Court Data

Religious, Caste and Gender Diversity: A Factor for SC Judges?

What are the criteria for appointing SC judges? Recent collegium resolutions have been taking a need for 'due representation' into account.

In this series of posts, we are analysing the criterion on the basis of which a recommendation for the appointment of a judge is made. For an overview of the thirteen collegium resolutions on which this is based, and the method used in this series look here. In the previous posts, we examined meritseniorityintegrity and regional diversity as factors.


Of the 12 collegium resolutions that contain reasons, only one resolution has explicitly mentioned the representation of caste, gender and ‘minorities’ as a factor in making recommendations. This was the resolution from May 8th 2019, recommending B.R. Gavai J.

The recommendation noted that as far as possible ‘due representation’ should be given to those ‘belonging to SC/ST/OBC categories, women and minorities’. The same resolution specifically noted that B.R. Gavai J would be the first judge belonging to a Schedule Caste appointed to the Court in almost a decade.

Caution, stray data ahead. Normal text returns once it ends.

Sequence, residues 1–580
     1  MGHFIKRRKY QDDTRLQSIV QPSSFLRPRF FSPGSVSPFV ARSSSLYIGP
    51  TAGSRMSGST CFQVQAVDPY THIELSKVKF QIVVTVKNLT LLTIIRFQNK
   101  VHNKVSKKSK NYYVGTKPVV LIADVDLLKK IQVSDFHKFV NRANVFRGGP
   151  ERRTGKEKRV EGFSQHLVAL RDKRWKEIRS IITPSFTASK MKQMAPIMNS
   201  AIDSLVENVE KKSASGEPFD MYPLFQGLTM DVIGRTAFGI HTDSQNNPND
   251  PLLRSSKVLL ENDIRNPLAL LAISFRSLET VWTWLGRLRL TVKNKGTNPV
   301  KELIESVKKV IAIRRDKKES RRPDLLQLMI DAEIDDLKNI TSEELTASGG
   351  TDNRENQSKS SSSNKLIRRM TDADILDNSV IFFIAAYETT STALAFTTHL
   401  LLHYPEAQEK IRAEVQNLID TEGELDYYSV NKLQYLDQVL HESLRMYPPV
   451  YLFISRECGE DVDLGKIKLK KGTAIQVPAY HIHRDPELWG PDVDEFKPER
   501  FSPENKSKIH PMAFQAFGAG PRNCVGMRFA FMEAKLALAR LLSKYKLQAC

The recent recommendation in August 2021 signalled that diversity has grown in salience: the 9 appointments included one Scheduled Caste judge, one OBC judge and three women. The resolutions did not explicitly justify these appointments on diversity grounds. However, Ramana CJI in a recent speech asserted that gender representation up to 50% was a matter of right and that other members of the collegium agreed with him.

While there has historically been a reluctance to account for such social and gender diversity of the judiciary. The upper caste and male dominance in the higher judiciary has prompted several calls to institutionalize affirmative action in the judicial branch of government. The 2019 resolution and the recent appointments could indicate a shift in the collegium’s criteria for judicial appointment that preempts more radical policies to achieve these goals.